BANK v. KATZ
TODD C. BANK, Plaintiff-Appellant,
ANNE KATZ, in her official capacity as Judge of the Housing Part of the Civil Court of the City of New York, and JUDE ALBANO, in his official capacity as Senior Court Clerk of the Civil Court of the City of New York, Defendants-Appellees.
United States Court of Appeals, Second Circuit.
June 16, 2011.
Todd C. Bank, pro se, Kew Gardens, New York, Appearing for Appellant.
David Lawrence III, Assistant Solicitor General (Barbara D. Underwood, Solicitor General, and Michael S. Belohlavek, Senior Counsel, on the brief), New York, New York, for Andrew M. Cuomo, Attorney General of the State of New York., Appearing for Appellees.
PRESENT: ROGER J. MINER, ROBERT D. SACK, PETER W. HALL, Circuit Judges.
UPON DUE CONSIDERATION, IT IS HEREBY ORDERED, ADJUDGED AND DECREED that the judgment of the district court be, and it hereby is, AFFIRMED.
Plaintiff-appellant Todd C. Bank, an attorney proceeding pro se, appeals from the district court's judgment dismissing his complaint brought under 42 U.S.C. § 1983 against defendants-appellees New York Civil Court Judge Anne Katz and Senior Court Clerk Jude Albano. Because he is an attorney, Bank is not entitled to "claim the special consideration which the courts customarily grant to pro se parties." Holtz v. Rockefeller & Co., Inc., 258 F.3d 62, 82 n.4 (2d Cir. 2001) (internal quotation marks omitted).
Bank alleges that the defendants violated his constitutional rights under the First and Fourteenth Amendments by orally directing him not to wear a baseball hat when appearing in court and by admonishing him for wearing inappropriately casual attire. We assume the parties' familiarity with the underlying facts, procedural history of the case, and issues on appeal.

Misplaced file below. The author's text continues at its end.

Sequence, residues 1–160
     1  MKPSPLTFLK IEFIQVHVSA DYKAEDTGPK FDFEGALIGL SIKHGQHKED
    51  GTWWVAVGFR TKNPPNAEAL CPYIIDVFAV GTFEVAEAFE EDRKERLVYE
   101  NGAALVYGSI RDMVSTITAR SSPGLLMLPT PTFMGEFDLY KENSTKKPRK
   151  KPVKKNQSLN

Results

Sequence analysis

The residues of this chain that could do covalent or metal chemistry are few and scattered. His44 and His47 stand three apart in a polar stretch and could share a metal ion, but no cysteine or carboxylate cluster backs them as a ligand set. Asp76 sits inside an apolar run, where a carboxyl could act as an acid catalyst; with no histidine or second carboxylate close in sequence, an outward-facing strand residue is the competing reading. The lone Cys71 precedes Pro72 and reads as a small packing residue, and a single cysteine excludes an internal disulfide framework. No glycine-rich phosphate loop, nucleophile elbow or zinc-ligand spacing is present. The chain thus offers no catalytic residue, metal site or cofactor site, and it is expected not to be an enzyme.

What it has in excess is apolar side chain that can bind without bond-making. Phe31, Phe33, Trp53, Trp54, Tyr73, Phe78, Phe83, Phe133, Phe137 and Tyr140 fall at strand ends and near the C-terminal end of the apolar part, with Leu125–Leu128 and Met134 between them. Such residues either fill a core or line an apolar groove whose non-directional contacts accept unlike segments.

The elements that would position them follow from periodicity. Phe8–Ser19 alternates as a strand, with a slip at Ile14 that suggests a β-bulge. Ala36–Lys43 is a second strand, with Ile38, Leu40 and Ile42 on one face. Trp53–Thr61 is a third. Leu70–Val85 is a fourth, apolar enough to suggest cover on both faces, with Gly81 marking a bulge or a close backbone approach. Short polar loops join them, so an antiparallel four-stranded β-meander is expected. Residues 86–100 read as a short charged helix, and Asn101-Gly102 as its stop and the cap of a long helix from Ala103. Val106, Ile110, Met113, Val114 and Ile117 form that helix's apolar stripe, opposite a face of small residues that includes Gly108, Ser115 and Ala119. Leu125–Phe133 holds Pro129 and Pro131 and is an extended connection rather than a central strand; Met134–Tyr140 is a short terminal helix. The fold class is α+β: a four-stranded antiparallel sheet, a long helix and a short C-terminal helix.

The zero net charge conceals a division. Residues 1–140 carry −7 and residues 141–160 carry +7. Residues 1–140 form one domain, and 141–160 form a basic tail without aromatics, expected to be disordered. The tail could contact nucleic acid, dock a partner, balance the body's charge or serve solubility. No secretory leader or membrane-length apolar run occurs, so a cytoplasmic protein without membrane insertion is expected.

"We review de novo a district court's dismissal of a complaint for failure to state a claim upon which relief can be granted, accepting all factual allegations in the complaint as true, and drawing all reasonable inferences in the plaintiff's favor." Peter F. Gaito Architecture, LLC v. Simone Dev. Corp., 602 F.3d 57, 61 (2d Cir. 2010) (citation and internal quotation marks omitted). For a plaintiff's claim to survive a motion to dismiss, "a complaint must contain sufficient factual matter, accepted as true, to `state a claim to relief that is plausible on its face.'" Ashcroft v. Iqbal, 129 S.Ct. 1937, 1949 (2009) (quoting Bell Atl. Corp. v. Twombly, 550 U.S. 554, 570 (2007)). Bank contends, first, that the defendants violated his First Amendment rights by instructing him not to wear a baseball hat and casual attire when appearing in court. Assuming arguendo that Bank's choice of attire constituted a form of protected expression, but see Zalewska v. County of Sullivan, 316 F.3d 314, 319-21 (2d Cir. 2003); E. Hartford Educ. Ass'n v. Bd. of Educ. of the Town of E. Hartford, 562 F.2d 838, 856-58 (2d Cir. 1977) (en banc), a restriction on speech in such a forum will be upheld "so long as the restriction is reasonable and viewpoint-neutral," Byrne v. Rutledge, 623 F.3d 46, 53 (2d Cir. 2010). Bank concedes that the defendants' conduct was viewpoint neutral. A restriction is "reasonable" if "it is wholly consistent with the government's legitimate interest in preserving the property for the use to which it is lawfully dedicated." Make the Road by Walking, Inc. v. Turner, 378 F.3d 133, 147 (2d Cir. 2004) (brackets, ellipsis, and internal quotation marks omitted); see also Byrne, 623 F.3d at 59-60. "A courthouse serves to provide a locus in which civil and criminal disputes can be adjudicated. Within this staid environment, the presiding judge is charged with the responsibility of maintaining proper order and decorum." Huminski v. Corsones, 396 F.3d 53, 91 (2d Cir. 2005) (internal quotation marks omitted); cf. Gentile v. State Bar of Nevada, 501 U.S. 1030, 1071 (1991); Berner v. Delahanty, 129 F.3d 20, 27-29 (1st Cir. 1997), cert. denied, 523 U.S. 1023 (1998). The restriction as alleged is therefore reasonable.